2.06.2009

Manic Plea for Understanding

Okay look: I don't want to be the last person in the world who believes that tax cuts and laissez-faire policies are the engine of a healthy economic system (I hope it's not too late?!). So I'm willing to come over to the light side if somebody will just follow the logic of Democratic/progressive economics through to its conclusion. I admit that I have read more books on the laissez-faire side than I have on the... other side. It's likely I've been lopsidedly educated on the matter of economics. I want to find a better explanation.

The question is: if government intervention and federal spending stimulate the economy to a greater degree than cutting taxes and laissez-faire-ing, then the government that spends the most and regulates the most should have the strongest economy... right? If federal spending on stuff like "infrastructure" adds more jobs than the market can left to its own devices, then why should there be any ceasing?

I cannot understand (This is not an ideological argument. I'm ready and willing to convert. I'm waiting to be convinced--) why America's Democrats are not socialists. If more government spending is a good thing, crank that shit up! Why bother to include tax cuts in a stimulus package? Follow the logic through to its conclusion.

[Here I am even willing to concede that I was brainwashed from 4th grade through college to believe that communism fails every time. I am willing to concede that Fourier was a bad and desperate example, that Marx was misinterpreted, that Russia was the wrong place for it, whatever. I just want to hear a theoretical model: I want to hear a reason: I want to understand why you think the stimulus plan will work: and I want to understand why no one has understood it until now: and I want to understand why you think the Bush administration was an exemplar of laissez-faire policies: I want to see a list of which of Bush's programs were essentially laissez-faire so that I can feel confident that opposing those (failed) policies with socialist government control is a good response.]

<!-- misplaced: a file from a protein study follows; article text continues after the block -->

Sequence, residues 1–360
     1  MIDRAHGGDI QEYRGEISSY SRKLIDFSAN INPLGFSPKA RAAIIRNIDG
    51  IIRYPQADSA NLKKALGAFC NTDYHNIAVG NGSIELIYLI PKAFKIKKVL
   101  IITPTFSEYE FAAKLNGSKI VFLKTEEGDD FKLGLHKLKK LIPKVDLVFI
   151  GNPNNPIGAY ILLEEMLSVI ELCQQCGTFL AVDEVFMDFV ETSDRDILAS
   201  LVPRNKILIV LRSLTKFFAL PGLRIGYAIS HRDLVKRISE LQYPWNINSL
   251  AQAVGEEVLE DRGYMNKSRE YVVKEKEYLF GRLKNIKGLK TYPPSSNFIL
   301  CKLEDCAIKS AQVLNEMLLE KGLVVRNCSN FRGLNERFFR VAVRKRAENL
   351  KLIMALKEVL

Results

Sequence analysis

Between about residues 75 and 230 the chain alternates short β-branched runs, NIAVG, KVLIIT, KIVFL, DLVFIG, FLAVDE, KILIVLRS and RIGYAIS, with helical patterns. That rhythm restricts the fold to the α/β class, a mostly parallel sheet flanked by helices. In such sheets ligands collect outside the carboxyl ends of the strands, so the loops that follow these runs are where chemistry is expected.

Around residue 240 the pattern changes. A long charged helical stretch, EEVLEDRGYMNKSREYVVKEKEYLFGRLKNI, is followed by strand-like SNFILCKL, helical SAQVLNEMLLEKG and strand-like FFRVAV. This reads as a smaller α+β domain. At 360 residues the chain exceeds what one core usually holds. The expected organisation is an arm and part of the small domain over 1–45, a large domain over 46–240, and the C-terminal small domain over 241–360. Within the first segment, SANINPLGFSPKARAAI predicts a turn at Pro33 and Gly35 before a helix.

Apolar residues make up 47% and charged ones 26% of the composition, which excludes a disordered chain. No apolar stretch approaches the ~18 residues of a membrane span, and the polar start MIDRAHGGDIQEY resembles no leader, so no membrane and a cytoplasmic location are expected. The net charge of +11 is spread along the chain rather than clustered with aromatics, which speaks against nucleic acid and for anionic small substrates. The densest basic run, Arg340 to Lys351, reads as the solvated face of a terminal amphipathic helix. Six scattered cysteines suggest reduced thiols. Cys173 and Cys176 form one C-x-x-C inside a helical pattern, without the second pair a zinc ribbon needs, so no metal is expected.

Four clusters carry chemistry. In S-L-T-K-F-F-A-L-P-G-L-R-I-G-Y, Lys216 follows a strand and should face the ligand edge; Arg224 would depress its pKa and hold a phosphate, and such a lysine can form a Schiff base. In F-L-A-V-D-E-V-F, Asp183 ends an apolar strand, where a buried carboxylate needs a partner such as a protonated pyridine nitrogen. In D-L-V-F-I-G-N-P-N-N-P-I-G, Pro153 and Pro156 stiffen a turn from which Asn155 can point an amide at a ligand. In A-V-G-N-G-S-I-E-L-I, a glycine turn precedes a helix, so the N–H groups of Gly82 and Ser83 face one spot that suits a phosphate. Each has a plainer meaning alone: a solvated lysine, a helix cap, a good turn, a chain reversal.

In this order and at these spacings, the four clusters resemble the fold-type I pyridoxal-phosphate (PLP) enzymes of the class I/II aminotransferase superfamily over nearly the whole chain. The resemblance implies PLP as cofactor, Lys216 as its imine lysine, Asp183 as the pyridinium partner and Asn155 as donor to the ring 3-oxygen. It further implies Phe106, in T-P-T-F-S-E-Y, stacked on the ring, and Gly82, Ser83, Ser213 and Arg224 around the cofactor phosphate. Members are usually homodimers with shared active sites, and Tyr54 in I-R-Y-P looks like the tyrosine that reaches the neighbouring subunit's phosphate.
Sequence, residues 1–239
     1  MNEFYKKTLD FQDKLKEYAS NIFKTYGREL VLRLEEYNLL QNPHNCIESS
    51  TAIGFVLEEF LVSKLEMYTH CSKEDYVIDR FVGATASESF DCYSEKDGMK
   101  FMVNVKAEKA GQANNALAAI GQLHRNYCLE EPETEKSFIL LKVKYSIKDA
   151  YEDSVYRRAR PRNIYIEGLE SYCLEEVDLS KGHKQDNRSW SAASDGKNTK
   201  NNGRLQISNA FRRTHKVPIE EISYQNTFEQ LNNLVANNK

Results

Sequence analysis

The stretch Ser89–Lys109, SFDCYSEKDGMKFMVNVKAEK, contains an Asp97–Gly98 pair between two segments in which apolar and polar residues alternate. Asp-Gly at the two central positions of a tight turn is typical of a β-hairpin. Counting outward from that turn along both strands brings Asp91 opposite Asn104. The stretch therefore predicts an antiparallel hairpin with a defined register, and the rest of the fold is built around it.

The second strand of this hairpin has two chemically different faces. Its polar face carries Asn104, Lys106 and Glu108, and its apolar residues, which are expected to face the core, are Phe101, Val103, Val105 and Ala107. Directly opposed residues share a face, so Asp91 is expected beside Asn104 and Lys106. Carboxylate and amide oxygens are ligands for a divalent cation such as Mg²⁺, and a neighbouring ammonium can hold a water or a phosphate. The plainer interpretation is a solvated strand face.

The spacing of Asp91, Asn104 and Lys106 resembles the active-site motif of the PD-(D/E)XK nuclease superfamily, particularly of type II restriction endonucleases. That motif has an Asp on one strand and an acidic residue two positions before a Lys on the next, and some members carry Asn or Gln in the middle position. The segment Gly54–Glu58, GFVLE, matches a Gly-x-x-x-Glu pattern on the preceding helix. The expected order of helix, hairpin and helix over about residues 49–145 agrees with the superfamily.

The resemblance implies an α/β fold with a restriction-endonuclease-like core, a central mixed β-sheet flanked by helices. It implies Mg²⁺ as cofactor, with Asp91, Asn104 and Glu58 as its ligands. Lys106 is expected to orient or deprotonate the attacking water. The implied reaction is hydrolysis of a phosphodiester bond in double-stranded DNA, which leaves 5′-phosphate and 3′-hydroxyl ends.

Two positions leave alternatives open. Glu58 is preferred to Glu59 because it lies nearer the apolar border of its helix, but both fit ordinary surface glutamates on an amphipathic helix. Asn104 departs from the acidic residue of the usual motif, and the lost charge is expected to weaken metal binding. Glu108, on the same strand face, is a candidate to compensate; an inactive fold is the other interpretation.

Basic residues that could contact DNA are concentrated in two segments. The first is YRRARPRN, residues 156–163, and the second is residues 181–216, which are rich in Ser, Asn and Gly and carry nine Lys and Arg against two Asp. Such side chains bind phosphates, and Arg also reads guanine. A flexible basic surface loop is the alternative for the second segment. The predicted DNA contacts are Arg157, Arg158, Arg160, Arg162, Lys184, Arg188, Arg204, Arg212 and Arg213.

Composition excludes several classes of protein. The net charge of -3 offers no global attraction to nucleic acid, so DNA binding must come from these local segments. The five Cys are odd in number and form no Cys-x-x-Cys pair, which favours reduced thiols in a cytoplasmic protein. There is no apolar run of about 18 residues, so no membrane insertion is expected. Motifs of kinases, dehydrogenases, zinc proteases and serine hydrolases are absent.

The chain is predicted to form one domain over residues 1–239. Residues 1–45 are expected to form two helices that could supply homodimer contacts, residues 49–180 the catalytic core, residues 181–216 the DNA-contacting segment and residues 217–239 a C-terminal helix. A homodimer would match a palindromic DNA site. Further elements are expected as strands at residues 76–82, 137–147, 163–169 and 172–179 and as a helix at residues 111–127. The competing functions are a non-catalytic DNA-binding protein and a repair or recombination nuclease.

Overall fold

I also can't understand why the American public (via its public representatives) seems to have lost faith in the idea of supply & demand. And there was a time not long ago when it was understood very distinctly that if a government wished to spend more on public works it would have to pay more in taxes--I cannot understand when that idea was proven unsound.

I am genuinely interested in understanding what makes an economy work, and I cannot understand what the trick is. What do we believe, people? What makes an economy grow? How are jobs created? What determines the price of a house? What determines who should get a loan? I want to know, and I'm nothin'-but-pissed about this stimulus package until somebody tells me how these $900 gazillion dollars are going to make Americans wealthier in material terms.

Today on the radio I heard an economist supporting the stimulus package say something like this: "For every $1.00 in taxes we spend on public works we get roughly $1.50 of production in the economy. It doesn't work like that with tax cuts. With tax cuts, people just save their money: they don't spend it. We don't get as much as $1.50 back for every dollar cut in taxes."

Oh!? Good to know! Is that so? If we get $1.50 in production for every $1.00 of taxpayer money spent on public works, OPEN THE FUCKIN' SPIGGOT! Why stop at a trillion? Spend ten times that much! Spend a real gazillion. You'll certainly get a gazillion and a half back! How have we not figured this out yet? It's such a good deal.

Is this how it works?

2 comments:

Insignificant Wrangler said...

I know far less about economics than you, but I would offer this: why democrats aren't socialists likely has nothing to do with "logic" but rather rhetoric. Socialist is a dirty, pejorative word in our culture.

No matter how much you might agree with the ideals, you'll never wash yourself of the stigma.

Now I believe in socialism more and more as I grow older. And I used to be a trickle-down guy, but my exposure to greed, and witnessing of sun belt shifts and globalization, is convincing me that trickle down doesn't work in an open system. If you want that, then we need nationalism. And that ain't happening.

So don't call me a socialist. Or any of the politicians I endorse. Call us "stimulists." Chances are this will become a right-wing pejorative in 2012, so I just want to trademark it now.

Casey said...

I really love your honesty, Wrangler -- and I don't need to use the word "socialist" if you think that one stinks too much (although it kind of begs the question if it does have dirty connotations--).

But I found a great book about Parmenides, so I don't care anymore.